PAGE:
Question: I will be retiring next year and my pension will be less than what I am currently earning. I am currently paying quite a large premium towards a life insurance policy and am thinking of cancelling it to improve my cash flow. Would you recommend this course of action?
Answer: Any element of your financial plan needs to be there for a reason. Life insurance needs to be there to cover a risk. If that risk changes, then your life insurance should change. The trouble is that we seldom review our risks and end up paying for unnecessary cover.
The first step towards financial wellness is to protect your income stream.
This will ensure that your life will remain on the same financial trajectory should anything happen to you. I am, therefore, an advocate of having life and disability cover during your working years. As you get older, the size of the risk that you need to cover with insurance decreases.
While working, you need life insurance to cover your debts. This would typically be your home loan or a car loan. You also need insurance to ensure that your family will be taken care of if your salary is no longer coming into the household. As your children get older, the size of this need will decline.
When you retire, many of these risks should be gone. Under normal circumstances, all your debt should be gone. Your income stream is now a pension, which is often in the form of capital drawdowns from a living annuity, so the need to insure that income also disappears.
Before you cancel your life insurance when you retire, there are a couple of things that you should consider:
If your pension is one of those schemes where the pension your spouse receives halves when you pass away, you may want to consider keeping the life insurance. Your spouse can use the life insurance proceeds to purchase an annuity that will compensate for the reduction in income.
You may still have children who are dependent on you. Having some life cover would ensure that they are taken care of.
This is a very important factor for you to consider and is one of the reasons I advocate keeping some life assurance when you retire.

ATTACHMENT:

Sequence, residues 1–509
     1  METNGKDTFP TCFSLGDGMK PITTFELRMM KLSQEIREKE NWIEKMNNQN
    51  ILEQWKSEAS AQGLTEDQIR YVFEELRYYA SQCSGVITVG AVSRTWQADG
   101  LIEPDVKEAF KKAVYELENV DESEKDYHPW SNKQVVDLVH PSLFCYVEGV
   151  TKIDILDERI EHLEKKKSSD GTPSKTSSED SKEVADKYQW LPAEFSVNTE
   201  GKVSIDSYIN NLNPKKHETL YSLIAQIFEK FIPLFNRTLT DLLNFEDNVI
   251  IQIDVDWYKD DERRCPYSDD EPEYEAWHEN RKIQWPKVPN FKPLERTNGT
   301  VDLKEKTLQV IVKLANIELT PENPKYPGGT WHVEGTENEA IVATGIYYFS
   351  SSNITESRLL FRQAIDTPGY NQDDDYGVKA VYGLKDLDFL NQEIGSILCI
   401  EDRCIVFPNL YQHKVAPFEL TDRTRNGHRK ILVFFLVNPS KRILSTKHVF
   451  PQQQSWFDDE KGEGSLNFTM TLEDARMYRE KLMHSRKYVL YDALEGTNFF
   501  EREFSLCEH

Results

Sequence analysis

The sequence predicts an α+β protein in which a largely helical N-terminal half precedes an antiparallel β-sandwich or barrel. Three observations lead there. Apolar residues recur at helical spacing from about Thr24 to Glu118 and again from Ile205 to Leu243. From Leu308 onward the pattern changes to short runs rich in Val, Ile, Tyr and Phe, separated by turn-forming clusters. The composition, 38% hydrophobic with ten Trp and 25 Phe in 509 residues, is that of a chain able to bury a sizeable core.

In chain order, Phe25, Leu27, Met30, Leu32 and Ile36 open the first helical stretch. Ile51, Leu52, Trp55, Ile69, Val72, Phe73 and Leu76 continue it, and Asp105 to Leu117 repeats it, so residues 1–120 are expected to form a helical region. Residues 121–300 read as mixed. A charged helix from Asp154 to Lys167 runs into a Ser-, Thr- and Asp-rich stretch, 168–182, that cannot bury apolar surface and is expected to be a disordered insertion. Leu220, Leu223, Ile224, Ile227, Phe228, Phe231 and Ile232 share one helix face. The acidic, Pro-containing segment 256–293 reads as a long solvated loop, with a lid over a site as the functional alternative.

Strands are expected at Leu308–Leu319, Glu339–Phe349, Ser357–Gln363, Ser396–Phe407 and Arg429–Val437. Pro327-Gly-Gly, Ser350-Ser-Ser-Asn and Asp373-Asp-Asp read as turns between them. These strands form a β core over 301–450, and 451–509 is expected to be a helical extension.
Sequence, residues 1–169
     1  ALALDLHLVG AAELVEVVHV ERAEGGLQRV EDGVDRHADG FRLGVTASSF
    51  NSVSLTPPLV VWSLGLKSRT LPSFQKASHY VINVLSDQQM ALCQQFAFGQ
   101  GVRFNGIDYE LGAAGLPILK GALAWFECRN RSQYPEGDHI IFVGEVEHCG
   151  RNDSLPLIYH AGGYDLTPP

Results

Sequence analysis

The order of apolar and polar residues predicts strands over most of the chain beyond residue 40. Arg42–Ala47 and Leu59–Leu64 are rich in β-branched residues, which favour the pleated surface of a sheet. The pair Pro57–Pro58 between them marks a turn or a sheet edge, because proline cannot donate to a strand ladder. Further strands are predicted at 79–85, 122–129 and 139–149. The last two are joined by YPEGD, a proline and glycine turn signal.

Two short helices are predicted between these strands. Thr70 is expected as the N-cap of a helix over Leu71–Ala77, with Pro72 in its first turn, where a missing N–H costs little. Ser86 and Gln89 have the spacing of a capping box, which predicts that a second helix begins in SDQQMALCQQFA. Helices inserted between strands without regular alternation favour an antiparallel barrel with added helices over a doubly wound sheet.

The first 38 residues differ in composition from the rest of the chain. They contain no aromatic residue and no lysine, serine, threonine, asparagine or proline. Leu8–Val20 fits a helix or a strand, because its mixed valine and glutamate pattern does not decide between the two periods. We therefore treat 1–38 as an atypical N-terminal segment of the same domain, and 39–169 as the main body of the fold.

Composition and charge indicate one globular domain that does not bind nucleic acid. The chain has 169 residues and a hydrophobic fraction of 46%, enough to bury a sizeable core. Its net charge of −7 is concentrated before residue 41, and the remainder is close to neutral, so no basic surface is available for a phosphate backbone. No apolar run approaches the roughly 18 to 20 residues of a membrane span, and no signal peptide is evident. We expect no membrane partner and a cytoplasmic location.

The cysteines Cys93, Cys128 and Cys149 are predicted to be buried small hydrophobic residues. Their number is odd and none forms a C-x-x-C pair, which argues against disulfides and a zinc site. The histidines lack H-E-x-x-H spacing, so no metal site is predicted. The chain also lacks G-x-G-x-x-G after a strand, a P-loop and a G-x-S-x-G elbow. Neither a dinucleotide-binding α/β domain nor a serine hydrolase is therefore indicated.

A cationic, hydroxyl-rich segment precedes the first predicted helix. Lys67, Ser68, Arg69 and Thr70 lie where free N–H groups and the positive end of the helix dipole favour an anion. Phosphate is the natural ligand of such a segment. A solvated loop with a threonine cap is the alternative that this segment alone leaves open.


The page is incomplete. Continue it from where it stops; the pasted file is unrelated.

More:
When you pass away, three high costs are incurred:
Capital gains tax
This is the one cost of dying that is usually grossly underestimated. When you die, it is deemed a capital gain event, and capital gains tax will be levied on the value of your home and non-retirement assets. The amounts here can be very large.
While there is a roll over until the death of the last spouse, you do not necessarily want to have your family sell assets to meet these costs.
These are typically around R40,000 for each R1-million in your estate. So a R5-million estate will incur around R200,000 in executor fees. Life assurance will prevent the forced sale of any assets.
This will be at least 20% of the value of your estate after certain deductions and abatements. Again, having life assurance will provide the estate with the necessary liquidity to meet these costs.
It is vital that you understand what these costs will be. This will enable you to keep the right level of life insurance in place when you retire. You do not want to have too little, and don’t want to waste money on unnecessary cover.
A skilled financial planner can calculate these costs for you by running a dummy estate liquidation and distribution calculation.
This exercise will also highlight the areas where your affairs could be better structured to prevent unnecessary leakage in the form of taxes and costs should you or your spouse die.
This is usually money that is well spent as the savings can be significant.
I often come across retired people paying really high premiums for their life insurance. The cause usually lies in the premium pattern that was selected when the policy was taken out.
These policies often start with low initial premiums, which rapidly increase as you get older, making the policy unaffordable for retired people. Remember to take a close look at the premium pattern when you take out life assurance.
Life insurance is there to remove financial risks. These risks change as you grow older and new risks appear. It is important that you understand these risks and have the right cover to remove them.